Montesquieu on government systems (1748)


Montesquieu on government types and systems, from his 1748 text on political philosophy The Spirit of the Laws (De l’esprit des Lois):

“There are three kinds of governments: the republican, the monarchical and the despotic. Under a republic the people, or a part of the people, has the sovereign power. Under a monarchy one man alone rules, but by fixed and established laws. Under a despotism a single man, without law or regulation, impels everything according to his will…

When in a republic, the whole people possesses sovereign power, it is a democracy. When this power is in the hands of only a part of the people, it is an aristocracy. In a democracy the people, in certain respects, are the monarch; in others, they are the subject. It cannot reign except by its votes, and the laws which establish the right of voting are therefore fundamental in this form of government.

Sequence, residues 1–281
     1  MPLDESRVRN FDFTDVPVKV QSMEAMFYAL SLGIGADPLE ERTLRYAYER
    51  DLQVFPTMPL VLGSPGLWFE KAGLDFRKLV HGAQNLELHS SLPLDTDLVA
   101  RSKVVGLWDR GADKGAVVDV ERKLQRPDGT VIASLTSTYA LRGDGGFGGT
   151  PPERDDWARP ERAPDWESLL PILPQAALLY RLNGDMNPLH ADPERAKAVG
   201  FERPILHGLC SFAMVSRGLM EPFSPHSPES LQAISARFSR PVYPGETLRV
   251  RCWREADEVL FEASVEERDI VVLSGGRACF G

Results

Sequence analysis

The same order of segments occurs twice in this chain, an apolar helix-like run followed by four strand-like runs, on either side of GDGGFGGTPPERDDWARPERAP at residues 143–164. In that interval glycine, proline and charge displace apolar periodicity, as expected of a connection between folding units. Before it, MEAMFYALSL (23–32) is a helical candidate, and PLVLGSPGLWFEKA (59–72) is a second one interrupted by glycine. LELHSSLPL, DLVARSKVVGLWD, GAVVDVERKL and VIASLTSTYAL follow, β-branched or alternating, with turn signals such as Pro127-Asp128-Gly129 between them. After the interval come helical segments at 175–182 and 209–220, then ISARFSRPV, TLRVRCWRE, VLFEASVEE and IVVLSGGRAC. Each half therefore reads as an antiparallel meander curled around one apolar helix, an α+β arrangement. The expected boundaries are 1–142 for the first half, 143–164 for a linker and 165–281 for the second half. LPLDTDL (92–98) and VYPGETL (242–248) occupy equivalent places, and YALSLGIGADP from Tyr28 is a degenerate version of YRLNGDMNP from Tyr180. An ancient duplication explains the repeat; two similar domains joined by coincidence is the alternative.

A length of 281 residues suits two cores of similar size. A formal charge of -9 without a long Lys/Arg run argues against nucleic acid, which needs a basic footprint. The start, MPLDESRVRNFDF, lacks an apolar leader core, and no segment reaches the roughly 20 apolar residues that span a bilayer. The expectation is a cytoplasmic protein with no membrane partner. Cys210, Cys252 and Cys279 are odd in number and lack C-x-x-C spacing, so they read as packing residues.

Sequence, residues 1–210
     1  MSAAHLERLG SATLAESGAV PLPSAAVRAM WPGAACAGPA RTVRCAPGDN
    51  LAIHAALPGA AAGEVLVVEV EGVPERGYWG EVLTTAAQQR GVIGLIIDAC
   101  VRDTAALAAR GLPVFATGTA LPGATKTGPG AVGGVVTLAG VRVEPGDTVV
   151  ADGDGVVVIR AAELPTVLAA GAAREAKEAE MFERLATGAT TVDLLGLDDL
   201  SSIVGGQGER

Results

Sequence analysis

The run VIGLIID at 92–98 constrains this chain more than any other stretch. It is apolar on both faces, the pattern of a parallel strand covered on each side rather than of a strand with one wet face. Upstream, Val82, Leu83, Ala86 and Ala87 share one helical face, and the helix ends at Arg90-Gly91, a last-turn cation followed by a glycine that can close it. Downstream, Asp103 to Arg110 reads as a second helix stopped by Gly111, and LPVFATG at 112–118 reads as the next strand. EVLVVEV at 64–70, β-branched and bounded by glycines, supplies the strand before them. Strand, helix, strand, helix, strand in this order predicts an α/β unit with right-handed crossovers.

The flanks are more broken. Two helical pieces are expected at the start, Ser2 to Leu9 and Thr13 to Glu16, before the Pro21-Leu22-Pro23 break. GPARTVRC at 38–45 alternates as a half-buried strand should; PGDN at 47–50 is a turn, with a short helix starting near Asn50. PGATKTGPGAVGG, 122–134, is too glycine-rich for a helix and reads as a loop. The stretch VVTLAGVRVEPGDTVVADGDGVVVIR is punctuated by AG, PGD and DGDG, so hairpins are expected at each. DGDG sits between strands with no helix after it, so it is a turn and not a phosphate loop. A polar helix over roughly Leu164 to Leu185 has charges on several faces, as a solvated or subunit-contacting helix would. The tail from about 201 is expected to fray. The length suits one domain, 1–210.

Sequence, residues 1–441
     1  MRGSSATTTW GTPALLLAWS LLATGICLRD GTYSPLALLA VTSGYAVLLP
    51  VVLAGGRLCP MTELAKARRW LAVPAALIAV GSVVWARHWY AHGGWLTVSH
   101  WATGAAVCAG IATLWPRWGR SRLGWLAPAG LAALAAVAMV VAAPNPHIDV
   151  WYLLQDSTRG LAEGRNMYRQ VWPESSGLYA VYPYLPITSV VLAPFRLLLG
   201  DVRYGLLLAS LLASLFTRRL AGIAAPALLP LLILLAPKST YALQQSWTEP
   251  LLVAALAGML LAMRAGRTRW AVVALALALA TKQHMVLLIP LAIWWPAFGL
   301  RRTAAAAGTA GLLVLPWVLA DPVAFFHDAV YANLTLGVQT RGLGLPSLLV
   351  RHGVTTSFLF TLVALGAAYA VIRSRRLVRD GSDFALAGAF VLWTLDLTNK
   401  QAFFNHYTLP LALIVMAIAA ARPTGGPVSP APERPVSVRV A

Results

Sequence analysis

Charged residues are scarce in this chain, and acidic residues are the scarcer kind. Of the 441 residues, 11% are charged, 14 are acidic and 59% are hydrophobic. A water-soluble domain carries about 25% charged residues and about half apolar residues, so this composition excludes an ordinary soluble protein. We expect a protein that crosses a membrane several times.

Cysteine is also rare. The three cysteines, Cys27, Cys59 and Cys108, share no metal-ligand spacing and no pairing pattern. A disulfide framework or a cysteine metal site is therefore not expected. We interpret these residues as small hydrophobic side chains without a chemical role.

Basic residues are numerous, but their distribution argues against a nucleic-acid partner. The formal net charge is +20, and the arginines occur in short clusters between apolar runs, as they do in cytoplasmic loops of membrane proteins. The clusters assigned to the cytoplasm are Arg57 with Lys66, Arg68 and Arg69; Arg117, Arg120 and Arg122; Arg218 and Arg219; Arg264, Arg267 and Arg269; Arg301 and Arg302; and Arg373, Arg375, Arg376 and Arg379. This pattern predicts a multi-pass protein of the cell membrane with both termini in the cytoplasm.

A people possessing sovereign power ought to do itself everything that it can do well; what it cannot do well it must leave to its ministers. Its ministers, however, are not its own unless it nominates them; it is therefore a fundamental principle of this government that the people should nominate their ministers…

There are two excesses which a democracy must avoid: the spirit of inequality, which leads to an aristocracy or a government by one man; and the spirit of excessive equality, which ends in despotism.”